Graduate Student Topology and Geometry Conference

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Summary Sentence:

A Topology and Geometry conference run completely by graduate students took place in April at GT.

Full Summary:

A Topology and Geometry conference run completely by graduate students took place in April at GT.

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For the conference website including schedule, abstracts, and recordings, please visit the conference website.

A Topology and Geometry conference run completely by graduate students took place in April at Georgia Tech. The organizers of the conference were Katherine Booth, Sally Collins, Sierra Knavel, Daniel Minahan, Anubhav Mukherjee, Agniva Roy, Thomas Rodewald, Roberta Shapiro, Weizhe Shen, Hugo Zhou, and Xingyu Zhu. Prof. Jen Hom was the faculty advisor and PI for the NSF grant, and help was also provided by SoM staff Melissa Raine and April McCruel. 

The Topology and Geometry Conference is one of the only conferences that are organized by, attended by, and feature primarily graduate students in geometry and topology. There were more than 130 participants, and over twenty students were given the opportunity to speak, while several others either presented posters or gave virtual talks that were be featured on the conference website. There were also nine invited speakers, faculty or early career researchers that are well established in their fields who presented their work. These faculty were also available via virtual office hours or in-person interactions with participants. Graduate students were given a great opportunity to form connections with peers and personally interact with pioneering researchers in their fields. There were also many subfields  that were represented, opening opportunities for conversations and collaboration between participants.

We had an opportunity to speak with two of the organizers, Agniva Roy and Roberta Shapiro, and ask a few questions about the importance of the event.

Roberta Shapiro

What will it mean for the students who participate in the conference?

There haven't been any in-person conferences for the last couple years, which is nearly half of what students spend in grad school. That means that people had fewer chances to connect with others, get to know the community, and network. In the past, students have made connections at GSTGC that led to collaborations. I'm hoping that this year, students have the chance to do this but also meet other grad students in their area -- the same grad students who will soon be postdocs, professors, lecturers, and generally coworkers at potentially the same institutions. 

What does it mean for your career to be able to organize a conference at this level?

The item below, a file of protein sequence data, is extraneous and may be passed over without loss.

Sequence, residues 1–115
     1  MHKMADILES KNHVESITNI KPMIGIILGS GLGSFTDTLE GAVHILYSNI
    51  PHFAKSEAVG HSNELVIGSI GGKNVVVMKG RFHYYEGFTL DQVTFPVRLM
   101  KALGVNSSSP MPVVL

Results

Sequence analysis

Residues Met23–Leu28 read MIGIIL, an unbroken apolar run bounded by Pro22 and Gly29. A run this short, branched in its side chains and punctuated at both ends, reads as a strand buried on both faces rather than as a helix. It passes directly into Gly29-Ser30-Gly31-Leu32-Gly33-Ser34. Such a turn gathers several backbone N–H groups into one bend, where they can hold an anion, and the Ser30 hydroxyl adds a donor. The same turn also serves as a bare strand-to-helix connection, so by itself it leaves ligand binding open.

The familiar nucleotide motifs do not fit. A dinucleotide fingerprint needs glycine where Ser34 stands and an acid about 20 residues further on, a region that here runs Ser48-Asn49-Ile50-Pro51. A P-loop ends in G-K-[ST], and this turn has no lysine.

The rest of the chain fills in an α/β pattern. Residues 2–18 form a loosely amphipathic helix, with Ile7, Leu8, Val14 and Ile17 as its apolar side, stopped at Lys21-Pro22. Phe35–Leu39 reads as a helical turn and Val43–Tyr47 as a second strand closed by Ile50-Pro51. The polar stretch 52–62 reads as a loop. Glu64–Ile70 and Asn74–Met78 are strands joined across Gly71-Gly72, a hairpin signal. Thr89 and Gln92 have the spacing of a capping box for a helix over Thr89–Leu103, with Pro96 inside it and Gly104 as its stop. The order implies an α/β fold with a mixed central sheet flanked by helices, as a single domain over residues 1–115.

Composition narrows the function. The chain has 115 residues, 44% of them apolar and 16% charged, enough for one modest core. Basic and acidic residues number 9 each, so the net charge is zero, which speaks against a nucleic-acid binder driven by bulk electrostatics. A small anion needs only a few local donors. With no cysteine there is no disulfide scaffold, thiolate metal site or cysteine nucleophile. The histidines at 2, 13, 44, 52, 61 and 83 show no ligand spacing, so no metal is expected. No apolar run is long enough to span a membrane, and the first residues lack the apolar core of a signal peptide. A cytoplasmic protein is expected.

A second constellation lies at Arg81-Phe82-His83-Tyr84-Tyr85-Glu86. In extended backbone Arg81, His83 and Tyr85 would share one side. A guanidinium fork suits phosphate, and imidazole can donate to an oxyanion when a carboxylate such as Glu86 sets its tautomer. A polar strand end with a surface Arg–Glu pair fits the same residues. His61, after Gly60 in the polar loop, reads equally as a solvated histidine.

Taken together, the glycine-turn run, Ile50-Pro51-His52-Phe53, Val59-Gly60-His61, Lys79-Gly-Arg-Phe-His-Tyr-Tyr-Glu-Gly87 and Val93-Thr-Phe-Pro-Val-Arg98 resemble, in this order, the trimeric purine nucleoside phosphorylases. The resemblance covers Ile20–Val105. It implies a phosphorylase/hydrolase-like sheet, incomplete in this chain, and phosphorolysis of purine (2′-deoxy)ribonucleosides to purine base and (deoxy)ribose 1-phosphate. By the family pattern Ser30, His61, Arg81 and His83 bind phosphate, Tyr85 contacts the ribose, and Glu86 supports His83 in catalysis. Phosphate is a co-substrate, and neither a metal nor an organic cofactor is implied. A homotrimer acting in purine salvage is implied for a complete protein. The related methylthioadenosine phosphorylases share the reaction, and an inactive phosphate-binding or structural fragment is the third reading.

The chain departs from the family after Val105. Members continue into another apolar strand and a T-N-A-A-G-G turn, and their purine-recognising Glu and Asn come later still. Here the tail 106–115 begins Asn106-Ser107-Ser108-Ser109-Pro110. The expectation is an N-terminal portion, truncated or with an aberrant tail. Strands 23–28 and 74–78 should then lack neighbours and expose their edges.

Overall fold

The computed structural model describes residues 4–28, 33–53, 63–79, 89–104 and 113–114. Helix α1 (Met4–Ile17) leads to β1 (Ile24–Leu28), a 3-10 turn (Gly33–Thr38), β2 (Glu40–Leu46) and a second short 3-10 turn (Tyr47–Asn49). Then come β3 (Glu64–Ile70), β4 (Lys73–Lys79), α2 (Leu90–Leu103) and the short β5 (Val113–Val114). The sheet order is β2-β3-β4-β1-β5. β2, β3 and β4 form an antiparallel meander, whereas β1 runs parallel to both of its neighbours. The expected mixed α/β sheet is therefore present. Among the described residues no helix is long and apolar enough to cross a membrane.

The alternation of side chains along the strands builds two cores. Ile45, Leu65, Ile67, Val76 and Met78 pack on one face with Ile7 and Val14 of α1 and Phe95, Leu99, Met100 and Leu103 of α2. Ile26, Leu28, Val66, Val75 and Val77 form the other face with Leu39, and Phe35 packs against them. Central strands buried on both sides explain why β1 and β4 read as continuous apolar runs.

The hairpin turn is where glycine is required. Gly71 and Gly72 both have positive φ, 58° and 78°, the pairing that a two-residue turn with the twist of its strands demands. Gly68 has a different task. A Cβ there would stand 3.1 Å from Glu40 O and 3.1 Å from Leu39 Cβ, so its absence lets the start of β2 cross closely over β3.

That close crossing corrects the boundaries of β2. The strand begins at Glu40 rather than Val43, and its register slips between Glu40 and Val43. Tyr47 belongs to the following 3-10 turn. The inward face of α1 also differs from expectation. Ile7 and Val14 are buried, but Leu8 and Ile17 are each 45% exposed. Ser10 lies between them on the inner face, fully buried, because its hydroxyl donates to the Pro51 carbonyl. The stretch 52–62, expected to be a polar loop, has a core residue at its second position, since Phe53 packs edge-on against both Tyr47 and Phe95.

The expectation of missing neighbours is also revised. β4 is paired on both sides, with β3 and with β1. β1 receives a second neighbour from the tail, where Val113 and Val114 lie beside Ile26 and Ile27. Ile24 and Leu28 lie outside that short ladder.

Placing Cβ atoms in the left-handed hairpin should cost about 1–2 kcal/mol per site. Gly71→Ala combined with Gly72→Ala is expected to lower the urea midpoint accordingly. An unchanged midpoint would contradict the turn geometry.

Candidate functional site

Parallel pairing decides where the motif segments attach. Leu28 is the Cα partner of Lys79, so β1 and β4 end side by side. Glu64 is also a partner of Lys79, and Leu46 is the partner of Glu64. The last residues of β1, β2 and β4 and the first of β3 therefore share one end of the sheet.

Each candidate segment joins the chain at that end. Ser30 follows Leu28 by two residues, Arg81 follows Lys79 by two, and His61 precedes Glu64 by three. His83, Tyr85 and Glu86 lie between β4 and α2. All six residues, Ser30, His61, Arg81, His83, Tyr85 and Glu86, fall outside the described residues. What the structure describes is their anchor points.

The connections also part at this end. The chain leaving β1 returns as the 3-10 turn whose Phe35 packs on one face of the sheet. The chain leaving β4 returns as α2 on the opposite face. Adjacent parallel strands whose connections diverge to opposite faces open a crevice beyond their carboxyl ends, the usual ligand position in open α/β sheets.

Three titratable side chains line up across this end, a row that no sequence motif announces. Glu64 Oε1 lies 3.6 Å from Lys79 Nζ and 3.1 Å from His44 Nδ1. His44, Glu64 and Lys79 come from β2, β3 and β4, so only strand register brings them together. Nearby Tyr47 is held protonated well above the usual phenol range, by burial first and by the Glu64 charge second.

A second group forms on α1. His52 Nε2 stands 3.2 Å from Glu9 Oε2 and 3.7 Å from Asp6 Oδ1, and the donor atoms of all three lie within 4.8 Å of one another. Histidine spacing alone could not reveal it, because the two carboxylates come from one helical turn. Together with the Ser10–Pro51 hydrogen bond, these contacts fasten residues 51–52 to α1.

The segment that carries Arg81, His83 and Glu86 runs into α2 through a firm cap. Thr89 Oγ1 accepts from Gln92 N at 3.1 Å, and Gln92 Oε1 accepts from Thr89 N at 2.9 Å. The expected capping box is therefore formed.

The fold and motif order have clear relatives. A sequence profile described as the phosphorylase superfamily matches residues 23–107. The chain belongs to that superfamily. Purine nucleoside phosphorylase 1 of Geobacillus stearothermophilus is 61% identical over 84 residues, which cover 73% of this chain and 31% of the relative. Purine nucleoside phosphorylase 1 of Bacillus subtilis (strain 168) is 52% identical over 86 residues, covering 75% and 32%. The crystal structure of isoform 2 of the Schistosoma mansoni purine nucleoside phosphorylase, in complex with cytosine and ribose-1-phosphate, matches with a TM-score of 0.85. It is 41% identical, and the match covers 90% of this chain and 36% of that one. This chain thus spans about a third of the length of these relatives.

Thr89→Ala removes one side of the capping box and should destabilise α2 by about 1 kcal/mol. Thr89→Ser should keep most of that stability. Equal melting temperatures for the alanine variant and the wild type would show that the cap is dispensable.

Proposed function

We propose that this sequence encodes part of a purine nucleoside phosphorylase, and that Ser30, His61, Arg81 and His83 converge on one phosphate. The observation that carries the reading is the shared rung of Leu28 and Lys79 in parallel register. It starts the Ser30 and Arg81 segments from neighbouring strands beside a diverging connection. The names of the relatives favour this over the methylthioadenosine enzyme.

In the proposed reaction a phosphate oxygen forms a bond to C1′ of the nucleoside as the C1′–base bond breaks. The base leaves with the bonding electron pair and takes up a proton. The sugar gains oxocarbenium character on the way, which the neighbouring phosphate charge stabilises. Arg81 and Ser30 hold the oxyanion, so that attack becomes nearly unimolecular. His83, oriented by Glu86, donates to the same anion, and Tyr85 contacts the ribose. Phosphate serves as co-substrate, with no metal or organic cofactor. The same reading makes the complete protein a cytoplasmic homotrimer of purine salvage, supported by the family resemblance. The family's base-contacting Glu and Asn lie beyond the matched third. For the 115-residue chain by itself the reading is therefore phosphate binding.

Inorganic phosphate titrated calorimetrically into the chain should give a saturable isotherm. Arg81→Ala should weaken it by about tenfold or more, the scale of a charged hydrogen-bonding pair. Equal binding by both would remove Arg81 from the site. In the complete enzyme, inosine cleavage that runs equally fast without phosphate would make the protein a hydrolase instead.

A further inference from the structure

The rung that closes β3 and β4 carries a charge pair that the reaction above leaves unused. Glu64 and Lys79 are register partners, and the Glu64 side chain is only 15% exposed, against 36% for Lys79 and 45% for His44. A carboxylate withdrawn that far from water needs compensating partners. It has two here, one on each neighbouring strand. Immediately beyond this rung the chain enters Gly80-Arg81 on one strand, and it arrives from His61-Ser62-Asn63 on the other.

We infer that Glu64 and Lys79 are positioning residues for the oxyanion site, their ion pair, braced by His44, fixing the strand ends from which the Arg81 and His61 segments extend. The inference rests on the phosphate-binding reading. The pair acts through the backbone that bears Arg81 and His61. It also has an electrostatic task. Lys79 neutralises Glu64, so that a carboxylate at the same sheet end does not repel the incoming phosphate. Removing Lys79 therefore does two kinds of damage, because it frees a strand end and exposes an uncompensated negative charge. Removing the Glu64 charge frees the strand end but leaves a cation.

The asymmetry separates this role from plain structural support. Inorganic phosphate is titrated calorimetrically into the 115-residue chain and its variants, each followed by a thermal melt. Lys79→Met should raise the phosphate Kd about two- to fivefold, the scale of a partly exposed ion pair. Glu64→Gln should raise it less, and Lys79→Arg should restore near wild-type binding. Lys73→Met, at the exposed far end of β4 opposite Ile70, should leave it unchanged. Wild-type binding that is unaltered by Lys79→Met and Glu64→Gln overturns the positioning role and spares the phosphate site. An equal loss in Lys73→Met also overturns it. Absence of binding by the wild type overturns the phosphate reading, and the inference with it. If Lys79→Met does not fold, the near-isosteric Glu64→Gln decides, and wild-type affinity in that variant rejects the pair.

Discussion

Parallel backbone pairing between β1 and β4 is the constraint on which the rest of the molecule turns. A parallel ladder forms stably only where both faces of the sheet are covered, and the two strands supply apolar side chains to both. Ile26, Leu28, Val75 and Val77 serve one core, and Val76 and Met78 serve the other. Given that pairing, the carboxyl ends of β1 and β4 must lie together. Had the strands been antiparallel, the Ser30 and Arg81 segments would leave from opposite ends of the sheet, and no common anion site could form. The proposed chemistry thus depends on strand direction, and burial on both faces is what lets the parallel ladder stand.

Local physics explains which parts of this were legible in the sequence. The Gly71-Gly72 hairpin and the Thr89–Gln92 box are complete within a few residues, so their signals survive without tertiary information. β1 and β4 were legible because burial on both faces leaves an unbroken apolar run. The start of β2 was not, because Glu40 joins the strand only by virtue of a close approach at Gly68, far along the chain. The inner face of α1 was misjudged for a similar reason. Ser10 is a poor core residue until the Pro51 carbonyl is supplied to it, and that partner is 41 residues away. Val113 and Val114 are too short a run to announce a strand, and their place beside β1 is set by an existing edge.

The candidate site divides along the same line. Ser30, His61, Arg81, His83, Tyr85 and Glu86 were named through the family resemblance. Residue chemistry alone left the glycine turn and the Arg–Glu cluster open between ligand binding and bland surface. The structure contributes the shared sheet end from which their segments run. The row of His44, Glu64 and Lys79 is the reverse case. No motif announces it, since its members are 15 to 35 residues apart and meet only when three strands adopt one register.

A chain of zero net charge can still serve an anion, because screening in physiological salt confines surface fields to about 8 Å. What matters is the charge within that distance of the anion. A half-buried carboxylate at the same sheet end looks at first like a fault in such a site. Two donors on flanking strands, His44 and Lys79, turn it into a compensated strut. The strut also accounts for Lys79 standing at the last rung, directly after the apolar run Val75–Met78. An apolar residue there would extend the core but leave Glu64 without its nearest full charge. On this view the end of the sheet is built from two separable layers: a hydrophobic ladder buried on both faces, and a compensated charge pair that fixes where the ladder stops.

Any future career -- academic or otherwise -- will involve a massive amount of organization and paperwork. I feel lucky to have had the chance to, for example, learn to write a grant before my livelihood depends on it. Moreover, I feel like we, as a group, have a chance to improve on past years' conferences and make potentially make the GSTGC more useful and enjoyable for participants.

 

Agniva Roy

What does it mean for your career to be able to organize a conference at this level?

For me it has been a fulfilling experience thus far, forming connections both inside the department and outside with faculty we are inviting. My short career thus far has been really helped by conferences I have been able to attend, and it is good to learn what goes into putting one together. Organising conferences and events is a big part of being a professional mathematician, and the opportunity to do this now is an avenue to learn how to balance research and this aspect of our work.

What support have you received from SoM faculty or staff to help with the organization?

Faculty and staff have been immensely helpful. Prof Jen Hom, who is the PI for the NSF grant we have applied for, has been readily available with answers and advice. The staff have been unbelievably helpful, enthusiastic, and patient, notably Melissa Raine, April McCruel, and Kimberly Stanley, who have been helping with space booking, grant writing, and general organisational issues.

What will it mean for the students who participate in the conference?

This is one of the only conferences that are organised by, attended by, and feature, primarily graduate students in geometry and topology. 24 students will get the opportunity to speak, while several others will either present posters or give virtual talks that will be featured on the website. Further, 9 invited speakers, who are faculty or early career researchers, who are well established in their fields. will present their work. They will also be available via virtual office hours or in-person for students to interact with them. Thus this presents graduate students a great opportunity to form connections with peers and personally interact with pioneering researchers in their fields. We expect many subfields to be represented, opening opportunities for conversations and collaboration.

 

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School of Mathematics, College of Sciences

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  • Created By: sbarone7
  • Workflow Status: Published
  • Created On: Apr 22, 2022 - 1:38pm
  • Last Updated: Jul 7, 2022 - 4:53pm